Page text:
The 76-year-old was speaking ahead of the 50th anniversary of her June 16, 1963, blastoff which propelled her into the record books and made her one of the Soviet Union's most feted astronauts.
"Of course, it's a dream to go to Mars and find out whether there was life there or not," Tereshkova said. "If there was, then why did it die out? What sort of catastrophe happened?", she added.
While Tereshkova said she thought the first manned flight to Mars would be a suicide trip, she volunteered to take part in it.
Tereshkova spent three days orbiting the Earth in 1963 and is one of only three female Russian astronauts to have participated in a space mission, compared to over 50 of their counterparts in the US.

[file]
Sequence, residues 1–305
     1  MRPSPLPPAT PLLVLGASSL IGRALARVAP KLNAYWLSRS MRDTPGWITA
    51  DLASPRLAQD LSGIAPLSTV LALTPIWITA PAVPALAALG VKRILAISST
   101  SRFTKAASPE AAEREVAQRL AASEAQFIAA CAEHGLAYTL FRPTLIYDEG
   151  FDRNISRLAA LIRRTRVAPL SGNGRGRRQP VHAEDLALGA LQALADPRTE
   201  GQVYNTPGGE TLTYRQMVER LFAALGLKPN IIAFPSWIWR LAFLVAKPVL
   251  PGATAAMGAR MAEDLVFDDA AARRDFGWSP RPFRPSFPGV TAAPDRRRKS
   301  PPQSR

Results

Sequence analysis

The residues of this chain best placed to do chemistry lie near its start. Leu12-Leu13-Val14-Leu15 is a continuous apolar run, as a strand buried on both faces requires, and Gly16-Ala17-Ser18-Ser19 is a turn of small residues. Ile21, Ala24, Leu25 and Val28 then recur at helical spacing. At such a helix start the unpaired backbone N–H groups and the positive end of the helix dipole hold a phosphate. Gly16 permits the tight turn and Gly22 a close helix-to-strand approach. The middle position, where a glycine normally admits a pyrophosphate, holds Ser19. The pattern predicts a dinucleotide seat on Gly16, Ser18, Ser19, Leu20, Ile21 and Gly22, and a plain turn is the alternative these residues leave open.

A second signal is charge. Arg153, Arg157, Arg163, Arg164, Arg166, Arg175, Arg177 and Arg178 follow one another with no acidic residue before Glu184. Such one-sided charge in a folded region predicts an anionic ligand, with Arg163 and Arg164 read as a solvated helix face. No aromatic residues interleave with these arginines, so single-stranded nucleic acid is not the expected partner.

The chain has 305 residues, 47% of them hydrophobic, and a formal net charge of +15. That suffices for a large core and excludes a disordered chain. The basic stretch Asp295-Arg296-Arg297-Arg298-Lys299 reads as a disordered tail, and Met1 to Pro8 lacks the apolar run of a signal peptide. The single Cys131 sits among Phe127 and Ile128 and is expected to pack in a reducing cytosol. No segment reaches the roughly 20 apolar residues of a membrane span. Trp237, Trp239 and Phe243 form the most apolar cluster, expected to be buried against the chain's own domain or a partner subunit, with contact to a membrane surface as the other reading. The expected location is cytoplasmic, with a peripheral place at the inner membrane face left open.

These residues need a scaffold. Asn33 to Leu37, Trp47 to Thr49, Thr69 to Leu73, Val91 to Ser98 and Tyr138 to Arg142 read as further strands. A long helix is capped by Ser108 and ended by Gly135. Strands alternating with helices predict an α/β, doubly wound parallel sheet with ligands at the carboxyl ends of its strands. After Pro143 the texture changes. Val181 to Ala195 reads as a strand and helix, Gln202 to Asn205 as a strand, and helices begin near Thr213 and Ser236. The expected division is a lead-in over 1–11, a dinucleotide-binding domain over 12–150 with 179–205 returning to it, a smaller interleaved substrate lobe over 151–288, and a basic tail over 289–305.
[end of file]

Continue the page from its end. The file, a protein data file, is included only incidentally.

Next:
She believes the privilege of going into space should be reserved for scientists and professional astronauts, and not be available to the highest bidder.
There have been eight space tourists since 2001, with each cosmic jaunt costing above $20 million.
"Only specialists should be making space flights because, while there have been a lot of flights and more than 50 astronauts have been there, a lot still remains uncovered," Tereshkova said.
Tereshkova was part of a small team of women, assembled by the Soviet authorities, as potential astronauts in the wake of the first manned space flight by Yury Gagarin in 1961. But, she was the only one who actually went into space.